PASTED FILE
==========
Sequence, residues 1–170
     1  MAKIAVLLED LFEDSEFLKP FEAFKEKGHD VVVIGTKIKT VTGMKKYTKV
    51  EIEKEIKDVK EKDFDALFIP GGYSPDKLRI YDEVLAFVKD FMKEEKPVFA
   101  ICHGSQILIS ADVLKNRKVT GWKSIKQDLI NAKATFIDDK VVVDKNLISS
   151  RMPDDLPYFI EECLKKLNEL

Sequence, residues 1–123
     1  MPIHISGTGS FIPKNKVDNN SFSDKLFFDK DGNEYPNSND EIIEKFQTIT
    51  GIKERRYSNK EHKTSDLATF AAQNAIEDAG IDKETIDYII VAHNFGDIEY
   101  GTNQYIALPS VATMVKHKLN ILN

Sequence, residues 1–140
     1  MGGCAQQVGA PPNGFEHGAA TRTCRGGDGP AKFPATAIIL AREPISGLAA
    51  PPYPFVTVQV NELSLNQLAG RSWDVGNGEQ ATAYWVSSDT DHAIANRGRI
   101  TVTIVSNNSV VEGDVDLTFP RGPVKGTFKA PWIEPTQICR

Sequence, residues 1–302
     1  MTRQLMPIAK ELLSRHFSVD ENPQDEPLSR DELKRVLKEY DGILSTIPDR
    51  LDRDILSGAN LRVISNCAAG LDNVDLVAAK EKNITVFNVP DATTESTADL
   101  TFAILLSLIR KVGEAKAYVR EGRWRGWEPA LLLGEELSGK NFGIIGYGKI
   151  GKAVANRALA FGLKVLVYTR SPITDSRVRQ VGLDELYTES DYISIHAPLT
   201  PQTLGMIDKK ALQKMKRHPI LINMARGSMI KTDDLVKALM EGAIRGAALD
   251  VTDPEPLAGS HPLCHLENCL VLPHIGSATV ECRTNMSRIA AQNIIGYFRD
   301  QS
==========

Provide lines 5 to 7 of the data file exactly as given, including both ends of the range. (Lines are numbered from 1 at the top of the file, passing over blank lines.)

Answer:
   151  RMPDDLPYFI EECLKKLNEL

Sequence, residues 1–123
     1  MPIHISGTGS FIPKNKVDNN SFSDKLFFDK DGNEYPNSND EIIEKFQTIT